Victory in the game doesn’t have to equate to historical victory, and departure from the historical approach can be appropriate in the interests of game play; on the other hand, I recall the Kasserine Pass scenario in Desert Steel, which imposes historical deployments and historical victory conditions on both sides, making it extraordinarily difficult for the Germans to win (even though they did historically, which looks like a very against-the-odds result) – an important lesson perhaps that sometimes you’re given a task well beyond your means, and soldiers often have to just get on with it – and can sometimes succeed against all expectations. Finally the actions of the players should write a believable historical or thematic story.

Excellent fit of mechanics to topic

Here I think the game has to encourage, not just enable, appropriate game play within period or theme. It must also simulate one or more aspects of the topic extremely well or provide exemplary flavour or both. The game play should have an appropriate tempo for the type of game and its theme. The mechanics should succeed in presenting relevant and appropriate effects during the story, for example by punishing a-historic action, rather than laying down the law, or through other subtle constraint on the players, for example through sequence of play (see Unhappy King Charles for some good examples of this practice). In some cases, games have to use proxies for some of the variables, a typical example being the use of dice for fog of war or chance in combat. For a game to achieve excellence, proxies must have been carefully chosen, so that they do not introduce unwelcome side effects. For example the cards used in Commands and Colors are a proxie for various command control issues; however, they can have the side effect of randomly crippling one side, because there is no way to remedy bad card draws.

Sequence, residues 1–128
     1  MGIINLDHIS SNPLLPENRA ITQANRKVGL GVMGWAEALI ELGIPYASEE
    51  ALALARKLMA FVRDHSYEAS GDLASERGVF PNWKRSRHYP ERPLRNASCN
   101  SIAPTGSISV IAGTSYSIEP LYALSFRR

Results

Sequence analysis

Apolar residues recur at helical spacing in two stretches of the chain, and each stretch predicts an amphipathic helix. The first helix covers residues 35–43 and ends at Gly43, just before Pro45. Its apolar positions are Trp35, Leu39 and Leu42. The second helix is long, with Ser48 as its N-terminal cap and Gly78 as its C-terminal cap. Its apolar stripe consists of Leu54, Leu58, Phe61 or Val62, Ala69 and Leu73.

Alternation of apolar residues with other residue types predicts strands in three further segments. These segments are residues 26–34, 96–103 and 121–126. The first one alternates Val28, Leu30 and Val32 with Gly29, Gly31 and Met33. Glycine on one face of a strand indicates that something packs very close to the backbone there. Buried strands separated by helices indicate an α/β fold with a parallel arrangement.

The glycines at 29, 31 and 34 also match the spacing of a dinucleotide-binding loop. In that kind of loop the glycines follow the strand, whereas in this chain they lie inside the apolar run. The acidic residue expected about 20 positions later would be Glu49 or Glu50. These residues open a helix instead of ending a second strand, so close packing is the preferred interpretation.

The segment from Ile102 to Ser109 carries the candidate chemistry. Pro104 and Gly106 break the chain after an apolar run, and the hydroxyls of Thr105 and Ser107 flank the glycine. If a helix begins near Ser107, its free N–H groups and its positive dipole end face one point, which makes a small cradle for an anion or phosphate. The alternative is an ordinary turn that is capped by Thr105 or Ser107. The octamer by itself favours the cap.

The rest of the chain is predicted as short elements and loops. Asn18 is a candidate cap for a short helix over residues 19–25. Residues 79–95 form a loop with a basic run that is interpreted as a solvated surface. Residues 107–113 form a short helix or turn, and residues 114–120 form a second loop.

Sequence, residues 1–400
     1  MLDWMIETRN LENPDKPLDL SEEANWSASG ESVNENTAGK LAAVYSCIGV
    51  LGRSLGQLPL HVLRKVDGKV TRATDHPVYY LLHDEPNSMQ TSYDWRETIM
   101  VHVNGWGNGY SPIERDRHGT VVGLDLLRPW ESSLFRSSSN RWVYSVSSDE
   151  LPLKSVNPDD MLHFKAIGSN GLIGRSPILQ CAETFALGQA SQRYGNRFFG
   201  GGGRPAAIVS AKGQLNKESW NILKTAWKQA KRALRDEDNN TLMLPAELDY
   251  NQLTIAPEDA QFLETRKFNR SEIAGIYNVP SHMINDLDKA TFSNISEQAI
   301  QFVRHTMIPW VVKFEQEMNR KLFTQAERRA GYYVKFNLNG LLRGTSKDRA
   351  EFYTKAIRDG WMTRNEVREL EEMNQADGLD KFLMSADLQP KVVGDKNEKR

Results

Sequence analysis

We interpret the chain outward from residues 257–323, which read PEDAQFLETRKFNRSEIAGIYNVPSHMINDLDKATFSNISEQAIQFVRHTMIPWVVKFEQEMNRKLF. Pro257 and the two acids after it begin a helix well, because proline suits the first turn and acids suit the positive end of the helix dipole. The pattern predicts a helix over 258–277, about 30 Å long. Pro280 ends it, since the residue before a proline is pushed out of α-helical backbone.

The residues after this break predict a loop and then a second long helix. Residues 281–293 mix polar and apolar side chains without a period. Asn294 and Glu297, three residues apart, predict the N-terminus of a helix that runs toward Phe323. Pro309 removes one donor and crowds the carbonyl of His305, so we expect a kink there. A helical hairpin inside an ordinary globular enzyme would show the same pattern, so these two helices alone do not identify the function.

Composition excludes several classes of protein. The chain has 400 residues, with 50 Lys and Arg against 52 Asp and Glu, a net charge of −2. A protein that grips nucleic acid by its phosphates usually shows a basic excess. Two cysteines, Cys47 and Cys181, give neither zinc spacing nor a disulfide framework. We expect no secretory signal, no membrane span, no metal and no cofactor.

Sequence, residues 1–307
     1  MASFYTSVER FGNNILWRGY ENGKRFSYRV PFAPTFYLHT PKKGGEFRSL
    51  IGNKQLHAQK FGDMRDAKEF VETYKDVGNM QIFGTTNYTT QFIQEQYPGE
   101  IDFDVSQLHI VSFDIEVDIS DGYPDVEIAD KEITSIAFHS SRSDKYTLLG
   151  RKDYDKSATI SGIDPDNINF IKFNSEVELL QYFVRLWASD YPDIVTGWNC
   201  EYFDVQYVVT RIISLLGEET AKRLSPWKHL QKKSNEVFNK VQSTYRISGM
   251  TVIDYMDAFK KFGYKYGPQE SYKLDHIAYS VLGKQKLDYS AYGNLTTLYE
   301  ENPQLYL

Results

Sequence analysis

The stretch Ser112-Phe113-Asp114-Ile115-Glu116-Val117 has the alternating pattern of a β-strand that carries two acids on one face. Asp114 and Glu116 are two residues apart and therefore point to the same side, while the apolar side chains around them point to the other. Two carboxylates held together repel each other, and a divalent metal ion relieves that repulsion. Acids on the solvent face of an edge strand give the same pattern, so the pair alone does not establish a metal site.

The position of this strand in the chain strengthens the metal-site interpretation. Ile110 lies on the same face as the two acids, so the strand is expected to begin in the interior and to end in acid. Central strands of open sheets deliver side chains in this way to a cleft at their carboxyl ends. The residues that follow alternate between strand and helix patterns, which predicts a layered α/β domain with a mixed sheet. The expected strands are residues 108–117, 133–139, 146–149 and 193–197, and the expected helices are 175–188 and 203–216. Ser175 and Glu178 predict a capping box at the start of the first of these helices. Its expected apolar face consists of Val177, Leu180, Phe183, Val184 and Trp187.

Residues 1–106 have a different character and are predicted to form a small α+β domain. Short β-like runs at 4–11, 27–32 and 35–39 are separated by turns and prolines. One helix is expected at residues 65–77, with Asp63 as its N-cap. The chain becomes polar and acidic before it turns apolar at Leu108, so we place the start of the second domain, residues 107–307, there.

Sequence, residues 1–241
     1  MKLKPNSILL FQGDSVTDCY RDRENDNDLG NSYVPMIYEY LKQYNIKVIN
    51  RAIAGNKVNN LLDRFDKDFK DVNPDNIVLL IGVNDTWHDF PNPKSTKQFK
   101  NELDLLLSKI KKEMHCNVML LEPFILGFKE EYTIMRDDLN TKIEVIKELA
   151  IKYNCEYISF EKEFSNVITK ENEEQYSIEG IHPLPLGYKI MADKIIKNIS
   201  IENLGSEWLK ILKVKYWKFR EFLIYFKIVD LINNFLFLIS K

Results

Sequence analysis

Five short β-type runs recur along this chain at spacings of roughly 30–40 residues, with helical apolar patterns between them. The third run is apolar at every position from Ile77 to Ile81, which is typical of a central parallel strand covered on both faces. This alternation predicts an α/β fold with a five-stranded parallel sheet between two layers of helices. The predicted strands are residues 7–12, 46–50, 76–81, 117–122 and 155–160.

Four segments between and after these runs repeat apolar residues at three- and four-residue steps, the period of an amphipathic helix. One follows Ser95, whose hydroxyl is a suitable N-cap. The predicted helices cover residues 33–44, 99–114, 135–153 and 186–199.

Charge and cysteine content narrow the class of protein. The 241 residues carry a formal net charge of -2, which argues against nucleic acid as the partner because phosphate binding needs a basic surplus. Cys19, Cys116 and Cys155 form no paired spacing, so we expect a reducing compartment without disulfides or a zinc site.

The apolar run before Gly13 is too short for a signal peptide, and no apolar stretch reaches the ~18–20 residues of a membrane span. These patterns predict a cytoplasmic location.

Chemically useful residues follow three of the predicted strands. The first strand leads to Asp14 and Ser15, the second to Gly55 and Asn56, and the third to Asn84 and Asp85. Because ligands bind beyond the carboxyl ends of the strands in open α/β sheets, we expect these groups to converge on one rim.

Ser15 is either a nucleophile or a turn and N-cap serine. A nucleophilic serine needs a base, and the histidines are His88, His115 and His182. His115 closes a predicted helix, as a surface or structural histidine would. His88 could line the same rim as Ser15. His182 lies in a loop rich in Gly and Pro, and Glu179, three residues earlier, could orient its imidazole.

Appropriate level of challenge

For excellence a board wargame needs to be a competitive game with a significant element of skill. How the luck to skill balance is handled is very much a matter of approach and style. I would rateNapoleon’s Triumph – no luck – very highly, but also games like Paths of Glory, where there is an element of luck in the order in which cards are drawn and also dice-based Combat Results Table. My preference is for more skill and less luck, but the balance depends on topic. For more complex games with a steep or long learning curve it is useful to provide introductory scenarios or graded challenges to help beginners. Play balance is important in the interests of fairness, though in many games, if the experience is sufficiently good then somewhat surprisingly this may not be vital.

I’ve come to the end of this rather longer than expected series. I’m still not certain of the validity of the insights here, but I think it gives an idea of my own thinking along these lines.